After the Gantt Center closes the exhibition in January, it will travel to Raleigh, where it will open at the North Carolina Museum of Art in February and be on view this spring to coincide with the expected completion of Freelon’s North Carolina Freedom Park in downtown Raleigh. From there, the team hopes it might move to other cities that host Freelon’s work. 

Culture immortalized in steel, glass and stone

The exhibition presents Freelon’s design strategies in 10 projects, exploring how the appearance of the building – the way it is laid out, how it situates in the landscape, the colors used, the patterns on the façade – reflects specific ideas and connects to both contemporary and historical communities.

“What’s so cool about all of Freelon’s work is you can look at these projects and understand the concepts so easily,” said architecture student and Levine Scholar Quinton Frederick. “He takes a simple, really powerful idea and makes really beautiful architecture with it. But when you try to make a model of it, it’s so complicated. There are so many nuances.”

Quinton Frederck with Greg Snyder at Gantt Center
Quinton Frederick (left) with professors Emily Makaš  and Greg Snyder during the installation at the Gantt Center. Photo by Wade Bruton.

With Associate Professor of Architecture Greg Snyder as their mentor, Frederick and other architecture students designed and 3D printed small models of a half-dozen of Freelon’s buildings, which are displayed on special lighted shelves that Snyder created for the exhibition. Like the 199 wall panels of text, diagrams and images, the models demonstrate how concepts take shape in Freelon’s designs.

“Greg has been really awesome to work under,” Frederick said. “He has such expertise. With the pandemic, I hadn’t made any models since freshman year.”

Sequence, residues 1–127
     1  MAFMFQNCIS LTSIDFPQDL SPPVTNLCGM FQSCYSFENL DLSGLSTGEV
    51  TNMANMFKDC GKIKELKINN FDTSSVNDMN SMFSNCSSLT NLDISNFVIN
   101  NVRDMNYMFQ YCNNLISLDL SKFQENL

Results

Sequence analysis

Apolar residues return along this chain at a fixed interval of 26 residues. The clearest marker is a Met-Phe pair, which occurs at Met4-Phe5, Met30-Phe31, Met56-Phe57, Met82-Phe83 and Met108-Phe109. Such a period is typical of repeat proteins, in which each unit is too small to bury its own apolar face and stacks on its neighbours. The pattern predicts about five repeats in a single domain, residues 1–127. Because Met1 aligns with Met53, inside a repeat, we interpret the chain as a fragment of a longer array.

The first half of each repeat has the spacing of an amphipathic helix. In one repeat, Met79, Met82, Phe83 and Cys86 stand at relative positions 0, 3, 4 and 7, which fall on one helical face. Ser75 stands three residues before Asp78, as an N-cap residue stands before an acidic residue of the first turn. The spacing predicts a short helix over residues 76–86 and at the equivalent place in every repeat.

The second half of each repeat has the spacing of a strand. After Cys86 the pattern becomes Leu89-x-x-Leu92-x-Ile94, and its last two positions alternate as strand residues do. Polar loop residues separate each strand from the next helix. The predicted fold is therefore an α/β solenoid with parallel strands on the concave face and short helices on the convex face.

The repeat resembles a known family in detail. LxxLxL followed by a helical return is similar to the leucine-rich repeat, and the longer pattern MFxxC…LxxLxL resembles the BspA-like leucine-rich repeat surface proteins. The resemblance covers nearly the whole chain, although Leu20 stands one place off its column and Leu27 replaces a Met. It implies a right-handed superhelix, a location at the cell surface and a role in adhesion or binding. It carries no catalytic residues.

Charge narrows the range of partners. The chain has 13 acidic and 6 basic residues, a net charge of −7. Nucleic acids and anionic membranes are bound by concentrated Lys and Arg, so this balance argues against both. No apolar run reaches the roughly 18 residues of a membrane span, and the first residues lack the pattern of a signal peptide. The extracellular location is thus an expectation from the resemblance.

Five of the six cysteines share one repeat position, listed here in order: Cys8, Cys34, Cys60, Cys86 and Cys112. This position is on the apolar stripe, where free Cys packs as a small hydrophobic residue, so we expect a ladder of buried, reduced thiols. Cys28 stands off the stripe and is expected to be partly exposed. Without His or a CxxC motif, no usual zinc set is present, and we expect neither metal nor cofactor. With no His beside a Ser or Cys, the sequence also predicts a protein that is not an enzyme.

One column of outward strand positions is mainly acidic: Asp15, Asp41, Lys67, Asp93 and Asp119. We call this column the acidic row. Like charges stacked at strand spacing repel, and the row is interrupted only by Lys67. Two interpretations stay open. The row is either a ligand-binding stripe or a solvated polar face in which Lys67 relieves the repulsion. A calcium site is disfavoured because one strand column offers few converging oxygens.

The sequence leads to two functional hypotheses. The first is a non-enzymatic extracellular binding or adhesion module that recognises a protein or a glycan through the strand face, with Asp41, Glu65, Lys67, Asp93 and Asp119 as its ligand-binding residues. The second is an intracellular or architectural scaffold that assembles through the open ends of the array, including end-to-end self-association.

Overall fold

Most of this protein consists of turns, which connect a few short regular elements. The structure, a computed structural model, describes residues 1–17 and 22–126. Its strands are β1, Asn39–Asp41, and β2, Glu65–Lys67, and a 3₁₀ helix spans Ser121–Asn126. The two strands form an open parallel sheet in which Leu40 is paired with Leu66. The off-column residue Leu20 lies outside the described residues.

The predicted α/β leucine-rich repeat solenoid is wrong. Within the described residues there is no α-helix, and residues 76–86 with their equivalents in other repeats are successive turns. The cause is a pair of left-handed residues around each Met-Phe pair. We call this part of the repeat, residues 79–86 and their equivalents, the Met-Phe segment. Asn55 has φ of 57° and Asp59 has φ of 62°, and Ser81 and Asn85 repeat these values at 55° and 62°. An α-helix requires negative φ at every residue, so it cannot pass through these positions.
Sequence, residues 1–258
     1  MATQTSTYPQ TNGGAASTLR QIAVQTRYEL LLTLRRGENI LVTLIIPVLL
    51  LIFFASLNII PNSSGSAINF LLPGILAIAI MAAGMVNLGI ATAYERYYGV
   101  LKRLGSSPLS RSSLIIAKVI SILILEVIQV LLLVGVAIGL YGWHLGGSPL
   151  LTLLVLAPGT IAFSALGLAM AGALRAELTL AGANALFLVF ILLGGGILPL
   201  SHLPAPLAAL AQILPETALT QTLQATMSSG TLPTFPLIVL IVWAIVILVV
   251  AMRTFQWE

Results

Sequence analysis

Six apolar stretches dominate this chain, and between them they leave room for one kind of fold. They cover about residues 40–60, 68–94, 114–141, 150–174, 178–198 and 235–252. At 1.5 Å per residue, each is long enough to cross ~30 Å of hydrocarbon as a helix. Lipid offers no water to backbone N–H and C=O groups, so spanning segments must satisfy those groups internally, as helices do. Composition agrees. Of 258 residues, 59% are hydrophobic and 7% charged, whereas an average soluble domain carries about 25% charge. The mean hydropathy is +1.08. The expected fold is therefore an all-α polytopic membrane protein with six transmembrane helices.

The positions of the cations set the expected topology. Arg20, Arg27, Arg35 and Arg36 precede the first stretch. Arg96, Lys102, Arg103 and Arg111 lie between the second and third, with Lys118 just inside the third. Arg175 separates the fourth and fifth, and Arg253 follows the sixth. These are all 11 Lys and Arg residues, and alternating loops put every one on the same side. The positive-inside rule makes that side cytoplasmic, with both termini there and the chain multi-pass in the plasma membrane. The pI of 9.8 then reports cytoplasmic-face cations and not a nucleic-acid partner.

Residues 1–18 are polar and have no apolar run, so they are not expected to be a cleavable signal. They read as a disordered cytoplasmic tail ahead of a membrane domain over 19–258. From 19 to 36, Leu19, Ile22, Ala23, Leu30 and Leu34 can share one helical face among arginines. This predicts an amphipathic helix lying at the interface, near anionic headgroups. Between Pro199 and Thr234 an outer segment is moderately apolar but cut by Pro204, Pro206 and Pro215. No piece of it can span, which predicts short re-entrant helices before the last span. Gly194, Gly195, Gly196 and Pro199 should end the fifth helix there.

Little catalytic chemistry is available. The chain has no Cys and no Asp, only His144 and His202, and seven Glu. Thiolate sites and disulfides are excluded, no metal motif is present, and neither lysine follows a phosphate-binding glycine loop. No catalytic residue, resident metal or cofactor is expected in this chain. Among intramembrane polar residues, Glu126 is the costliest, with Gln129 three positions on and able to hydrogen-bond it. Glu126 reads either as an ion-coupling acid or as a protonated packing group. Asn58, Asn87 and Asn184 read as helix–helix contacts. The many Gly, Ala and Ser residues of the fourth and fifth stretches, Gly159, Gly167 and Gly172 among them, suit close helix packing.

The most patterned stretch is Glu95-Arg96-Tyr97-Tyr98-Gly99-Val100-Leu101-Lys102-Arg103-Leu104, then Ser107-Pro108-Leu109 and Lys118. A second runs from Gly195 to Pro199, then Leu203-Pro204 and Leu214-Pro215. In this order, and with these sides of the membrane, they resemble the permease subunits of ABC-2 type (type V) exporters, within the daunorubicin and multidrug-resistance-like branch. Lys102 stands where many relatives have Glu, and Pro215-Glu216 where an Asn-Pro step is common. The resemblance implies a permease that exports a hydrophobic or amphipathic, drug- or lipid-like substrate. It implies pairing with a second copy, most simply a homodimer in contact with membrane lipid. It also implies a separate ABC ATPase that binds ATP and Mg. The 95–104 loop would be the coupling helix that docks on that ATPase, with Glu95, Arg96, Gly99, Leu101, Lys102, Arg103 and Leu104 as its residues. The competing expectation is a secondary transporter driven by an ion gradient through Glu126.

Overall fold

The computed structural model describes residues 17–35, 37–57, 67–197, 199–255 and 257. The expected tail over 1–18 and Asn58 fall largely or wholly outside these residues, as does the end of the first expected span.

Frederick was assigned the Gantt Center and Smithsonian Museum models – nine pieces in all. 

“The two model projects I did are really mine, and to have something I did in a museum is really awesome.”

models of bulldingsModels of the Harvey B. Gantt Center, created by Quinton Frederick for the exhibition. Photo by Ortega Gaines.

That enthusiasm and sense of ownership were especially evident, Makaš said, during the week before the exhibition opened at the Gantt Center, when students showed up day after day to hang boards and place models and correct last-minute mistakes. 

“I was just so impressed. They were so eager and helpful and excited to be part of it.”

They came, too, to the grand opening – almost all 22 of them – and watched with pride as visitors moved through the gallery, reading their panels and admiring their models.

“I know it’s Emily’s exhibition,” Mock said, “but I kind of feel like it’s mine, too.”

group of students in the Gantt Center galleryThe UNC Charlotte student team with professors Makaš and Snyder at the opening reception for Container/Contained. Photo by Ortega Gaines.

Get a behind-the-scenes glimpse of the installation process in this 49-second video.